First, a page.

That does make me feel better, Sue! Especially knowing that Luke might outgrow some of this. In the meantime I keep a close eye on him. Today I watched him pulling apart a rope toy, but as I watched him he was not eating any of it (and then I threw it away). We’re learning not to let him make it into a game when we’re trying to get something away from him too.
        In my hubby’s defense, he doesn’t always say anything, but I can tell what he’s thinking by the way he looks at me! But I have tried to learn, like you said, to just walk away from it.

      • The Golden Life says:

        😉 My hubby doesn’t always say anything, either. That’s when i really have to hold my own tongue! LOL. It goes along with knowing which battles to fight and which to drop.

        I’m glad I was able to help you! Sometimes, just knowing there’s someone else who’s in a similar situation that you can talk to is all we really need. You can always PM me on Facebook if you need some “moral support”.

  2. somethingwagging says:

    Impulse control is so hard to learn. And it’s good for Ducky that you’re helping her with it.

    I’ve read that humans don’t actually develop true impulse control until they’re about 26 years old. And Ducky is a bit younger than that as a dog.

    But luckily she’s smart and so are you so hopefully you won’t have her snarking in the future.

    As for the issue of a partner who isn’t on board with the training, that could probably be the subject of its own blog hop (says the woman whose husband consistently encourages the dog to jump up).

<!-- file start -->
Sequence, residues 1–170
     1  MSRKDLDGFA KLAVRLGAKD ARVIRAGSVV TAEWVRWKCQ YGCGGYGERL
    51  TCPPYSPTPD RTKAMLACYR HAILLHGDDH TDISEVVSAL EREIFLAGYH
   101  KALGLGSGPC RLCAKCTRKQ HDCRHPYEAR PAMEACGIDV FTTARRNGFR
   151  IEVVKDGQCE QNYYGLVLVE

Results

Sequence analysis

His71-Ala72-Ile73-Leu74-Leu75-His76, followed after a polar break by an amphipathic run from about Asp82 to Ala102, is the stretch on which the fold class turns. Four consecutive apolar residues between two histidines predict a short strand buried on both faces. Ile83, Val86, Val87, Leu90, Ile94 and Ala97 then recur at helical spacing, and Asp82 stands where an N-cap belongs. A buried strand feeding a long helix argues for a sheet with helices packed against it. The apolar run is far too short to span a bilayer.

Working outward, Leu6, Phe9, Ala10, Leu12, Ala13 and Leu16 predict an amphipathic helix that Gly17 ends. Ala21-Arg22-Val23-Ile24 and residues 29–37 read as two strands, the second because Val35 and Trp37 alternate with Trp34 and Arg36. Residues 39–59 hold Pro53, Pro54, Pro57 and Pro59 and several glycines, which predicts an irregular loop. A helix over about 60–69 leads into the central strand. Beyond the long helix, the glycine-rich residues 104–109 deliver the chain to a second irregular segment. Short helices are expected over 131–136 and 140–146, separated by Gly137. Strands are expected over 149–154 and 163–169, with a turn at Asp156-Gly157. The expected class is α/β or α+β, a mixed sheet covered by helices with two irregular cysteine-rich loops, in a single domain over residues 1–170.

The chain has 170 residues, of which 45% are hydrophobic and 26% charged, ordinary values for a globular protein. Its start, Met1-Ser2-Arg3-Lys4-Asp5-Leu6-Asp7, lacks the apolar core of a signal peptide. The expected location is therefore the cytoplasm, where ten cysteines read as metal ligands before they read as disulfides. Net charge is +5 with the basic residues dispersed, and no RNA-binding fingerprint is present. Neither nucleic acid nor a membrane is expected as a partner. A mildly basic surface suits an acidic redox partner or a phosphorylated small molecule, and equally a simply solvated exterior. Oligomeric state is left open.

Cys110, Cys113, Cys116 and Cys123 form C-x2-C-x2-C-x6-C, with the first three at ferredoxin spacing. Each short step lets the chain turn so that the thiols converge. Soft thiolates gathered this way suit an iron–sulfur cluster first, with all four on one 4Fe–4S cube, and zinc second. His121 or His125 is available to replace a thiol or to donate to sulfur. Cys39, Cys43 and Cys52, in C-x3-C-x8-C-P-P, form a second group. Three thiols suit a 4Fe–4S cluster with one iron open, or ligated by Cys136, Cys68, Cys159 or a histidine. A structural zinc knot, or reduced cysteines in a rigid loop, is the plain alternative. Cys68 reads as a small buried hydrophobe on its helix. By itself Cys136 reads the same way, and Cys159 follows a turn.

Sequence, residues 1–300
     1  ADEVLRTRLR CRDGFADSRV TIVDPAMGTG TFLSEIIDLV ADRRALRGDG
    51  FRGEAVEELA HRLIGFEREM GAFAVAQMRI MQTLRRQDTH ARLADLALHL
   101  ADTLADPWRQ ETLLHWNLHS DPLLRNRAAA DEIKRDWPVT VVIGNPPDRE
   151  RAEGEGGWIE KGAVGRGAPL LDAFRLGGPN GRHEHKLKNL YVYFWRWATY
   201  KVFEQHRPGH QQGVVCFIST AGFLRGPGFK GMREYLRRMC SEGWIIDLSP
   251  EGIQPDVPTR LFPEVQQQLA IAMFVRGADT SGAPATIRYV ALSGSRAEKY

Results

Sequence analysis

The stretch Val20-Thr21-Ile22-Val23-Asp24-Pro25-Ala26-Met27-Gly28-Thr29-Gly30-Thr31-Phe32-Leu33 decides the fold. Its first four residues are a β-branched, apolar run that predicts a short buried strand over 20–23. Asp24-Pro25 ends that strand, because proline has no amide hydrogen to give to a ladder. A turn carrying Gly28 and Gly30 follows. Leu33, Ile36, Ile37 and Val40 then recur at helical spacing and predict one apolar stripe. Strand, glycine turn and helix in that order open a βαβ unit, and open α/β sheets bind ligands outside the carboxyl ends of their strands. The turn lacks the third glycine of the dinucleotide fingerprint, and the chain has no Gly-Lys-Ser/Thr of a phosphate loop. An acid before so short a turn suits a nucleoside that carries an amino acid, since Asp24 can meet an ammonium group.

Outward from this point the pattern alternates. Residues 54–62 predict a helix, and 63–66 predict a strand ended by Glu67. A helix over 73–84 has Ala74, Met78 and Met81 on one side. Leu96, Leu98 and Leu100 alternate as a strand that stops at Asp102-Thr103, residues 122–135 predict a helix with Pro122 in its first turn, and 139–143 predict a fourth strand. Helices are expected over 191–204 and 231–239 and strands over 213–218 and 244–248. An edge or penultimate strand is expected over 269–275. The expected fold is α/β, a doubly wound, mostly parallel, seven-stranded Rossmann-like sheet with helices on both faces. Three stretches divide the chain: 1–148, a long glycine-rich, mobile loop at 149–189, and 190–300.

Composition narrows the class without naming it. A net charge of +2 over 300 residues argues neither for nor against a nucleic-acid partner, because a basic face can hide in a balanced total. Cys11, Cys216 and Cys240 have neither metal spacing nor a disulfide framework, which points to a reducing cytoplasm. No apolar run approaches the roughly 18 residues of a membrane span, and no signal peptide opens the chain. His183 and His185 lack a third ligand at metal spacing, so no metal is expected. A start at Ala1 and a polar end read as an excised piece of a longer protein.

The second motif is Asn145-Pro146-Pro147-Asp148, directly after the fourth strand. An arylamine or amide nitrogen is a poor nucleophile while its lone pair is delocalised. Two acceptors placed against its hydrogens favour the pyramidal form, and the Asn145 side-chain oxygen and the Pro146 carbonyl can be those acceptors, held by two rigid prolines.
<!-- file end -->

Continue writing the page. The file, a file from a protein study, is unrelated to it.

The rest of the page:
• The Golden Life says:

      Maybe you, Jan, and I should get together and create said blog hop? But then again I don’t want the pressure of having to write a post by a certain date.

      Actually, little by little, Ducky IS snarking less often. Of course, she’s still a teenager so she’s going to keep testing the boundaries. At least in THAT regard Sam IS supportive to an extent. When she snarks at Callie or Shadow, he DOES say “NO!” He just follows it up with letting her jump up in his lap. He refuses to believe that he’s just reinforcing the snarkiness with inappropriately-timed affection. What it amounts to is that Ducky’s his “baby girl” and he is going to spoil her rotten and do all he can to make me feel guilty for making her behave like the good little dog I know she can be. But that tactic doesn’t work on me. He should know that after nearly 21 years of marriage, don’t ya think?! Oh well. Cést la viè.

    • The Golden Life says:

      It would be nice, but he absolutely refuses to do so. According to him, all the science and psychology behind “training” is — and pardon the language but — “pure bullshit”. So, I have to do the best I can with her and hope it all eventually transfers to the times when he’s home. So far, she’s doing well.

  3. Dogs N Pawz says:

    Sounds like you are doing a great job with Ducky! I can relate with the husband thing. No matter what I tell him not to do with our three dogs, he does it anyway. It happens mostly with him feeding them table scraps. We go round and round about it, but for some reason he thinks he can do whatever he wants.

    • The Golden Life says:

      Oh God, Lisa, I feel for you! I’ve been there. The only way i was able to put an end to it was to threaten him with having to clean up Ducky’s “upchuck” the next time she got sick because of the table scraps and paying for the vet visit out of either his retirement account. None of the dogs have gotten table scraps since. And, believe me, I appreciate the moral support I get from you and the rest of our pet blogging community!!